By Al S. Mendoza
YUKA Saso, Jerwin Ancajas and Ana Patricia Non are Filipino heroes sprouting amid the pandemic.
Saso and Ancajas did their thing in sports. Non in socio-economic sphere.
Saso and Ancajas had put the country in the world map again. Non in the nation’s consciousness.
By finishing tied for sixth in last week’s Lotte Golf Cup in Oahu, Hawaii, Saso, a Fil-Japanese from Bulacan, barged into the LPGA world rankings with a bang.
Planted into the tournament as a mere sponsor’s exemption, Saso even led in the first and second rounds with a brilliant pair of 64s.
No rookie in the LPGA, the world’s toughest in women’s golf, has ever achieved that.
Never mind that Saso slowed down with finishing rounds of 71-70 to finish 9 shots behind Lydia Ko, the former Korean-born child prodigy from New Zealand.
Arriving in the Lotte event with a final-round 62 in another tournament she won the week before, Ko routed the star-studded field in Hawaii by firing closing rounds of 65-65, ending her three-year slump since her last victory in the Mediheal Championship on April 29, 2018.
Ko, 23, is on a roll, winning by 7 strokes at the Kapolei Golf Club as she went a magnificent 38-under in her last 90 holes, while yielding just one bogey in her last 100 holes.
If that’s not phenomenal, what is?
But Saso, just 19, had her own share of the spotlight, her Top 10 finish netting her a whopping P2.6 million to go with her cash windfalls in the Japan Circuit from two victories last year, in the process earning her the country’s 2020 Athlete of the Year award.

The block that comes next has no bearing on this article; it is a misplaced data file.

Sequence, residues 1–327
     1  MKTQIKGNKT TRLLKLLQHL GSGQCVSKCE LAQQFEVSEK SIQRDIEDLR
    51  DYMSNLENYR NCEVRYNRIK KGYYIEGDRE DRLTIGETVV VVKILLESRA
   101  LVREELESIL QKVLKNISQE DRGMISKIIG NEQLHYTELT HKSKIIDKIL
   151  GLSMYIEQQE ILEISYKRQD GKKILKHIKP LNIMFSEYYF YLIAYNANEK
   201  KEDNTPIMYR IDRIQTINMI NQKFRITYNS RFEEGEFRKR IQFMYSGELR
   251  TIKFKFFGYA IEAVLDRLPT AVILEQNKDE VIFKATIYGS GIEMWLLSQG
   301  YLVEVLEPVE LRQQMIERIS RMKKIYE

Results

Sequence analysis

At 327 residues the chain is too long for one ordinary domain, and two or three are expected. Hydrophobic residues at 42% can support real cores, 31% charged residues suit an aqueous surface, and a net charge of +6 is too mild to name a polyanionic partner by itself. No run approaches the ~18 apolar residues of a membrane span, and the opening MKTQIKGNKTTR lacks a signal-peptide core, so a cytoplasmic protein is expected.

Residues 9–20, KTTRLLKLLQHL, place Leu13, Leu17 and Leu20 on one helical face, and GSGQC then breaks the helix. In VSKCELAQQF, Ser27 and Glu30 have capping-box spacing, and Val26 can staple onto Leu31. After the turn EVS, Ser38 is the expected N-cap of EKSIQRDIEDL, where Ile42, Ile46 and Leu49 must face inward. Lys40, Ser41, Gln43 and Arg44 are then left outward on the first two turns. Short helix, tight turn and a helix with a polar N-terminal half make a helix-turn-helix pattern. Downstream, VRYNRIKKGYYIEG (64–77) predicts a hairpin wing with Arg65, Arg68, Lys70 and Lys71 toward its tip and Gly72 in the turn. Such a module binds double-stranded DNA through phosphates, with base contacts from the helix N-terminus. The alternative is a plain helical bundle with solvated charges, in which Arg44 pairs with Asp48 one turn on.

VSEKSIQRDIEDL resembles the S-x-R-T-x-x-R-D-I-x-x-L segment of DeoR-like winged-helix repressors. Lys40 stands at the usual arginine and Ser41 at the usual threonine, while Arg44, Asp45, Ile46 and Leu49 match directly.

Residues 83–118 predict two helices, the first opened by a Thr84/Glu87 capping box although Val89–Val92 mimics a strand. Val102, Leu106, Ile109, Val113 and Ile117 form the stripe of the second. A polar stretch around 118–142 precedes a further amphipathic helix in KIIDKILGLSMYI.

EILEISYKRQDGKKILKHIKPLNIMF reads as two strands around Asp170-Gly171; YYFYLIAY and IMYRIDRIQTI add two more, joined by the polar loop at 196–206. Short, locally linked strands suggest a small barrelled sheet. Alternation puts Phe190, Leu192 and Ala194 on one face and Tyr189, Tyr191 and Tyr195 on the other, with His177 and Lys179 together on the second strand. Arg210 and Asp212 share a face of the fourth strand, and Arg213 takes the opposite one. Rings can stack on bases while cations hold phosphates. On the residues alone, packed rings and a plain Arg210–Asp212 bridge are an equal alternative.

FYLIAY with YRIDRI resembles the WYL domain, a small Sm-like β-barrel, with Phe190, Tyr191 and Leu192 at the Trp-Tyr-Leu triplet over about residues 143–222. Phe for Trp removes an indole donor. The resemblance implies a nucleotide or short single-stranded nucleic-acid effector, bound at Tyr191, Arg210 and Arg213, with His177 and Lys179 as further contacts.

Ancajas joined Saso up there after successfully defending his world junior IBF featherweight crown for the ninth time against Jonathan Rodriguez of Mexico in Unscansville, Connecticut, USA, last week.
His unanimous decision triumph gave Ancajas his 33rd win against only one defeat, including 22 knockouts.
That’s not something to be sneezed at, considering the rigors that Ancajas had to go through the health crisis that had sidelined him since December 2019.
But while Saso and Ancajas had so abundantly brought pride and honor to the country with their exploits overseas, Non did her thing in a totally different setting.
Indeed, Saso and Ancajas reaped honors on the world sporting stage but for Non, her arena of battle was the humble street.
Non erected a victorious platform by setting up, quietly and without fanfare and minus the klieg lights, a sort of a sari-sari store where food and other household needs are given away: for free.
She called it the Community Pantry, where anyone young or old, rich or poor, can pick any stuff to bring home without paying anything.
This single spark has now blossomed to 371 pantries nationwide—and counting.
To be sure, all the giveaways are donations from kindred souls—faceless and nameless.
There’s only one rule: Take only what you need so that others may also gain from Non’s blessing.
While Saso and Ancajas had stashed away cash bonanzas with their overseas triumphs, Non had not even earned a single centavo. Never.
But already, Non is getting showered with plaudits and applause from a nation too grateful for one simple person’s love for humanity. Priceless.
Sadly, one military officer, with a mind as fractured as Hitler’s brain, dislikes Non’s Samaritan ways.
He can go to hell.
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